Real estate marketing often focuses on websites like Zillow and Trulia. If they’re not, they’ll talk about social media like Facebook. We’ve written our fair share of such articles, like you can find here, here, and here.
Such sites are important, but they’re not the final word. At the end of the day, people come to you based on trust. And what’s the fastest way to build trust? As always: Positive reviews. As a service business, you’re still ultimately dependent on your reputation
That makes review websites like Yelp effective if you can get reviews on them. Let’s look at how.
Okay, so the first question we have to answer is “Why Yelp?” Why not just rely on Zillow and other realtor-specific websites? They also have reviews, right?
The reason is that Yelp simply has more reach and weight. When a lead Googles for a local business, Yelp reviews will often appear on the first page. A strong Yelp presence is a great way to get on the first page of Google.
Yelp also syndicates to other websites. Good reviews on Yelp will be seen in a far wider range of places than good reviews on Zillow. Even if most leads do check Zillow (and we’re not denying that), the realtor with a wide-ranging review base will still be seen by more leads more often.
The first rule to getting Yelp reviews is that you don’t get what you don’t ask for. Clients—even when satisfied, just don’t think about this. Even if they ask “Is there anything I can do for you?” the thought of a Yelp review won’t be on their mind. You have to ask for it.
The best time to do so is right after you’ve done something good. In other words, just after they’ve moved into their new home or sold their old one. In your wrap up discussions with the client, make a point of asking for the Yelp review.
However, this still needs follow-up. Even those clients who are open to the idea of leaving a review may intend to… then forget. In the elation following a real estate deal, writing a review won’t be high on their mind.
The best way to perform this follow up is to create a series of drip emails for clients that just closed. These emails can take the client through the necessary post-moving in stage steps. At the end of every email you can ask for a review.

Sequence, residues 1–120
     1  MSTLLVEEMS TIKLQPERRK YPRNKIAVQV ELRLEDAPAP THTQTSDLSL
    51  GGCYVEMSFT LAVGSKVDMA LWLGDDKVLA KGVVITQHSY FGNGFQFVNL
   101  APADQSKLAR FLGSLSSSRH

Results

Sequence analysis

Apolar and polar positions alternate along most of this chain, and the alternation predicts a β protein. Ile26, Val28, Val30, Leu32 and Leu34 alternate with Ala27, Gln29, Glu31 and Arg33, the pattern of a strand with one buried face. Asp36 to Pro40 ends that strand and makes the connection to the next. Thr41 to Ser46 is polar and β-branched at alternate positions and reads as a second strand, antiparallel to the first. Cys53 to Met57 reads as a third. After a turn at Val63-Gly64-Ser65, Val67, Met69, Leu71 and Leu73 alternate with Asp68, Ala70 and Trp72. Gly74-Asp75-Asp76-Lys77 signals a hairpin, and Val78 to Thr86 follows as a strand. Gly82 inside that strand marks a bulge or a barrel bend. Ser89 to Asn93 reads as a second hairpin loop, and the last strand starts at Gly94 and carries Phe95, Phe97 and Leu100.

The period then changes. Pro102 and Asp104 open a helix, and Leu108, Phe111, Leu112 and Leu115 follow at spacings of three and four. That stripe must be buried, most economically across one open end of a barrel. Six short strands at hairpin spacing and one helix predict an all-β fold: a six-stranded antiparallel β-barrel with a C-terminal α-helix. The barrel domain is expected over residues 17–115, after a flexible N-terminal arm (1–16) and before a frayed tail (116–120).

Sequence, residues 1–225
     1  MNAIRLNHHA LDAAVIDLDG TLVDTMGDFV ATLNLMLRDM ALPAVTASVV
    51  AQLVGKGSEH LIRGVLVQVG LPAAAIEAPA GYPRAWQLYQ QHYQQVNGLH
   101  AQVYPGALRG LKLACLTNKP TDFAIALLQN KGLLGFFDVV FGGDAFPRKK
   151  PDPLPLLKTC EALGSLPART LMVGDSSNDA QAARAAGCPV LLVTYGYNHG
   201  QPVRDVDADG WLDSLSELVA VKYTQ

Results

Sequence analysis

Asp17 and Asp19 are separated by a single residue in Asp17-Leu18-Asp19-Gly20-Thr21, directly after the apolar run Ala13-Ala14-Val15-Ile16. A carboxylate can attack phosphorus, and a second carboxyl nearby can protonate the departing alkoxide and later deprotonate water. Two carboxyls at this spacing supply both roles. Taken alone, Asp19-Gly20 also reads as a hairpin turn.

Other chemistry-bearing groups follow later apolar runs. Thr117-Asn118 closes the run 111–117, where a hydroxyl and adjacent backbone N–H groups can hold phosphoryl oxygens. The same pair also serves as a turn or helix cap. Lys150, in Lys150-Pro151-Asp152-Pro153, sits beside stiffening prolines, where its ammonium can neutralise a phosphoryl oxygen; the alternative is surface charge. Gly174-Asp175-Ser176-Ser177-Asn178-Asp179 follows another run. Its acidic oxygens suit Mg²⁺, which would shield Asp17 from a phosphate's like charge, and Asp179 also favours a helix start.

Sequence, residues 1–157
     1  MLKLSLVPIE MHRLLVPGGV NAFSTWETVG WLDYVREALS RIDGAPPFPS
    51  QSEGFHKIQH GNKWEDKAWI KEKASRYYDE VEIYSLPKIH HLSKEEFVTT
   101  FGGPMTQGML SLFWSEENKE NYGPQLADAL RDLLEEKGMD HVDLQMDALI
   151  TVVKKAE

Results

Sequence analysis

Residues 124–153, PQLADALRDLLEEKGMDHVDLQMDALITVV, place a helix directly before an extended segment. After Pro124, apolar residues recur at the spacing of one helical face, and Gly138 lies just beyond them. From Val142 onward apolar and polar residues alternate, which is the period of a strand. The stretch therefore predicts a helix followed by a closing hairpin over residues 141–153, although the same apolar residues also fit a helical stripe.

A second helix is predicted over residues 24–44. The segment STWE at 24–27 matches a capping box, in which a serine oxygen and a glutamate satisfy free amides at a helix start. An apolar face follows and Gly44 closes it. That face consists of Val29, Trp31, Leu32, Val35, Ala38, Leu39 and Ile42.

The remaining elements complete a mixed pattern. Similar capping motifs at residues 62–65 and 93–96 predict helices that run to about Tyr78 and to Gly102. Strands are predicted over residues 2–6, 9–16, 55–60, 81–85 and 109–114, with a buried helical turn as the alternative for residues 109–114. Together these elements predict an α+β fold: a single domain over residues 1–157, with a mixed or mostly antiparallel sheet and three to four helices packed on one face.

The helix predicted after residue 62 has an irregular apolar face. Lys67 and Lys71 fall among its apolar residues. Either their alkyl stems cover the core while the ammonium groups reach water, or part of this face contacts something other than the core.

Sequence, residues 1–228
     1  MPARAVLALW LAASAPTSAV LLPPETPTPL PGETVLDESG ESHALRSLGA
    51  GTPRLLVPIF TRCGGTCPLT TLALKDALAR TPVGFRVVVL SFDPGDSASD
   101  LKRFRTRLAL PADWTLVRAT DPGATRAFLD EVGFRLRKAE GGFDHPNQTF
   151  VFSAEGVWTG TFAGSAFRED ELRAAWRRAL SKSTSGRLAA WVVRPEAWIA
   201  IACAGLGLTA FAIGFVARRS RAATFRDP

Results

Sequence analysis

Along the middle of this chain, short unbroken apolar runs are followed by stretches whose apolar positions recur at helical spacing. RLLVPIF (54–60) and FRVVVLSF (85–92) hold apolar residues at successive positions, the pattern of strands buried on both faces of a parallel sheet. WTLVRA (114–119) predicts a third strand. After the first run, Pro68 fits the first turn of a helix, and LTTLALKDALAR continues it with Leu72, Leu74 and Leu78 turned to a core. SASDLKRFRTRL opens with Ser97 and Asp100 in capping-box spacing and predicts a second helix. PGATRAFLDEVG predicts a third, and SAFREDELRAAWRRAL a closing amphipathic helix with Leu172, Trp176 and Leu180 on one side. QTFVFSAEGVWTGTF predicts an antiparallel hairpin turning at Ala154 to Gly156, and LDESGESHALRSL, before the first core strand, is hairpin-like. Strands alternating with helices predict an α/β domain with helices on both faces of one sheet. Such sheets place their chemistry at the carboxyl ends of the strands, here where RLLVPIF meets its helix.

Of course, if a client does leave you a review, you should make a point to remove the reminder from emails going to them. The easiest way to do so is to simply create two identical email lists—one with the review reminder and one without. As soon as you get notified a client left a review, move them over to the “has reviewed” list.
Every realtor needs a system for staying in touch with long-term clients. The traditional approach (that still works), is paper-based mailing lists—like Christmas cards. However you do it, keeping in touch with past clients on a yearly or half-yearly basis can do wonders for when the same client thinks about moving years later.
Coincidentally, it’s also a great way to gather more Yelp reviews. As with the immediate follow-up emails, when you keep in touch with past clients, note which ones have not left a review. For these, you can leave a friendly reminder on the bottom of the mailing. For example:
P.S. I’m just starting to build up my online review profile on Yelp. If you’ve been pleased by what I’ve done for you in the past, it would be wonderful if you could be so kind as to leave me a review—good or bad!
Keep this as conversational as possible. If you feel giving them the invitation to leave a bad review takes a bit of the edge off asking them, that’s fine too. You can expect that people won’t leave bad reviews if they actually go to the effort more than 6 months after your business with them ended. How many past clients are going to say “I hated the Christmas card—one star”?